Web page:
Friday, April 9, 2010

Blame it on the

The term "dry drunk" refers to an alcoholic who, although he has stopped drinking, hasn't been treated for the underlying psychological issues. These "cold turkey" people are at a higher risk of relapse, because they've only put out the fire, they haven't doused the coals.

Realizing that addiction was so complex, not just a matter of self control or strength of character, was an eye-opening concept for me. For the alcoholic, booze is psychiatric medication (a bad one, of course, but it serves the same purpose.) The angry person thinks he's drinking because he enjoys it, when actually he enjoys having his dark thoughts muted for a while. The person with sever anxiety says that he drinks to be more social, when really he drinks to not feel awkward for once.

Antidepressant drug trials have been known to provide an unusual side effect: Some of the test subjects found that they didn't need to smoke anymore.

It's such a powerful concept that I'm surprised weight loss isn't approached the same way as AA (and maybe some programs do, but not enough.) Surely there are a lot of people who, like the alcoholic, are simply using food as medication-a temporary escape from crippling psychological issues.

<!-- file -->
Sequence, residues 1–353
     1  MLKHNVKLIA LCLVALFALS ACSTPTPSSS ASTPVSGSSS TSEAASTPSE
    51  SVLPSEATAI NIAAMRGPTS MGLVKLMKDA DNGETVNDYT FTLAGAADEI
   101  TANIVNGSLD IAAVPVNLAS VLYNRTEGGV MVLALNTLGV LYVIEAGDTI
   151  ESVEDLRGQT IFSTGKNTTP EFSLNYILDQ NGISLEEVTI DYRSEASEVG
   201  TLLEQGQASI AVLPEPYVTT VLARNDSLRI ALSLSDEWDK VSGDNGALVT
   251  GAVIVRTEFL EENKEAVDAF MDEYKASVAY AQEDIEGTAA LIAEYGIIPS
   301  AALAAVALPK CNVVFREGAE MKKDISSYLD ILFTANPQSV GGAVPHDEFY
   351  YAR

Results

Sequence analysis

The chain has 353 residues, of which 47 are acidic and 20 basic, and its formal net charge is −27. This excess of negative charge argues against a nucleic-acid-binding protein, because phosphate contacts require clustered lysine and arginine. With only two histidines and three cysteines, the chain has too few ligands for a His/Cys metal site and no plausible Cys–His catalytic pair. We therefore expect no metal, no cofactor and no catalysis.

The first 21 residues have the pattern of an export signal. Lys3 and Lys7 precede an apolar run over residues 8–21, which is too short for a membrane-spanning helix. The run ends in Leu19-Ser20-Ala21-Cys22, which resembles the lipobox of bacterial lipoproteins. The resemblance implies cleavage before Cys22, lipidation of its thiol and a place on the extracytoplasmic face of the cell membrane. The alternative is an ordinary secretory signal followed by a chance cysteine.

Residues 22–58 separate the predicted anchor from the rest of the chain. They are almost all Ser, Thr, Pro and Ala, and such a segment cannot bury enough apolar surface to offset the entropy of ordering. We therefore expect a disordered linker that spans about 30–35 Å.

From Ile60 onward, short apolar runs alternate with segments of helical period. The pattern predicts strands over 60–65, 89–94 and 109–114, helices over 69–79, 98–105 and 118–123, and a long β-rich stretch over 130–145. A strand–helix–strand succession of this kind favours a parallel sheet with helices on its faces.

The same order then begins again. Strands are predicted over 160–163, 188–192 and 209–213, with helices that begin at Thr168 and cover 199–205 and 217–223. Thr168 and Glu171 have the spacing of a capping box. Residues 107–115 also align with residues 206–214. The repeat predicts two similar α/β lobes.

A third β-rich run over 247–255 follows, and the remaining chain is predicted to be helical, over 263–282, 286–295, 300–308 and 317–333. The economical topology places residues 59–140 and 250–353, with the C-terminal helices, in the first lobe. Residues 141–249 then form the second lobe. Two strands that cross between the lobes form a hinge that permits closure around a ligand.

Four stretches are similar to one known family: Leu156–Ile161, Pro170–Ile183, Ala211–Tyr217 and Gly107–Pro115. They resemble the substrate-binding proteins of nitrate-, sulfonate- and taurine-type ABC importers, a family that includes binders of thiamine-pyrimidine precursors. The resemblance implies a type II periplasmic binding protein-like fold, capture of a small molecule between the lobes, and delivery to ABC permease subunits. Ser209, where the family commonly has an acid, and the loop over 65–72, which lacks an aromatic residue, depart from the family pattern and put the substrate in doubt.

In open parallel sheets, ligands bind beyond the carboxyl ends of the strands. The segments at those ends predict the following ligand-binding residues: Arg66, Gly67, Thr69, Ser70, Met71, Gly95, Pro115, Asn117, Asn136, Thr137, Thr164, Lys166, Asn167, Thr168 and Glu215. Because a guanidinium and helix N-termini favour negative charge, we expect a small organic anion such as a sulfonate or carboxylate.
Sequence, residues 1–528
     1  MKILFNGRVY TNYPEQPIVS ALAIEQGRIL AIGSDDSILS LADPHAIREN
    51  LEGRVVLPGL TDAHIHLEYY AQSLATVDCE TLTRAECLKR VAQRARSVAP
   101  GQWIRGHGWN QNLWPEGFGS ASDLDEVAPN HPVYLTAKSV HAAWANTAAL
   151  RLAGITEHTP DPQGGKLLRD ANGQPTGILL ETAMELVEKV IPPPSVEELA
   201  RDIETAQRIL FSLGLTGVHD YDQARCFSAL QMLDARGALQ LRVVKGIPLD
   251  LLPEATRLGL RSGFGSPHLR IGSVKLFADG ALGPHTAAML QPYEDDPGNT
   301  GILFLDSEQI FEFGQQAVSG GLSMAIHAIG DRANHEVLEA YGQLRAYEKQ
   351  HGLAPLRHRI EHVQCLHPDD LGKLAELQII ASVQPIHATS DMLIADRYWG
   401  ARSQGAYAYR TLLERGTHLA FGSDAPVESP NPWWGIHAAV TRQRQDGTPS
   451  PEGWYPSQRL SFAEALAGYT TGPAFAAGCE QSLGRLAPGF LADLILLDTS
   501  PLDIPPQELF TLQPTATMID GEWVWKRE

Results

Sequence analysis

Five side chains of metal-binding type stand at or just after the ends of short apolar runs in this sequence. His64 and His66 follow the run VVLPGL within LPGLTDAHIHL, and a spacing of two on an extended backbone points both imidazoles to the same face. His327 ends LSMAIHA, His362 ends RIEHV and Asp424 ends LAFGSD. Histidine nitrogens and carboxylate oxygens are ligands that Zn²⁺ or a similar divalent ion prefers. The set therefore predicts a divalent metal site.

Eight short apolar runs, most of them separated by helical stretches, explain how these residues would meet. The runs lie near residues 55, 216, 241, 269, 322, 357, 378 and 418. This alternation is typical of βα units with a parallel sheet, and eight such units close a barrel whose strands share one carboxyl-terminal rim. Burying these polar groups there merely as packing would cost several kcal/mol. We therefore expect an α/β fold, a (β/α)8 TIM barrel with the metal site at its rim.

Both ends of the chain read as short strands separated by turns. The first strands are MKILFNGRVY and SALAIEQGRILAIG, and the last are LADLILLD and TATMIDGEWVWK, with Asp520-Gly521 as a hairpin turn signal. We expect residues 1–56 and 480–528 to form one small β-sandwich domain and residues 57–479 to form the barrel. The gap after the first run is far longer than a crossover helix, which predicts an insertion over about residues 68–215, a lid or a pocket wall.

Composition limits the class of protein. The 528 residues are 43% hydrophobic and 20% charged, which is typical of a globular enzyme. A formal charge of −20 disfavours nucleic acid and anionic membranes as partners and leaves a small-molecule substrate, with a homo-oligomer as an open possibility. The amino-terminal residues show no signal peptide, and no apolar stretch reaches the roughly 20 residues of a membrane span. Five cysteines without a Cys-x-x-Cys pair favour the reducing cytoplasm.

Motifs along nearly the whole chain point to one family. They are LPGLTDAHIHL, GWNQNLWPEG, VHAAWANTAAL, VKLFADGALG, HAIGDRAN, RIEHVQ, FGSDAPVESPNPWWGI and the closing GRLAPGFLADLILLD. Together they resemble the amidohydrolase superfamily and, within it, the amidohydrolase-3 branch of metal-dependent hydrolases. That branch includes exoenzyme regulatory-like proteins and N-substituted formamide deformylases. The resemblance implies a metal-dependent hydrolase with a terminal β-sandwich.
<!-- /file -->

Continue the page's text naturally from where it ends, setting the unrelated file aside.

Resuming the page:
And I think it goes much further.* When I see someone who invests himself completely into his job, who constantly obsesses over his appearance, who spends all his time on a particular hobby or interest (even the healthy, productive ones) I think to myself "What deeper need is this filling for you? What are you medicating?"

*Which is why I don't put any stake in Maslow's Hierarchy of Needs, the mark of the most prolific creators isn't comfort, it's damage.

2 comments:

scubadivider said...

In reference to your observation that eating disorders aren't necessarily treated the same way as, say, alcoholism:

The American Psychological Association (APA) is about to release v5 of the Diagnostic and Statistical Manual of Mental Disorders (DSM-5). The proposed revisions are up for public comment until May 7.

One of the proposed changes is to add Binge Eating Disorder to the manual, giving more public credibility to the idea that using food to medicate can be a very real psychological problem.

Great post, as always!

Sam Cook said...

Interesting, thanks for the info!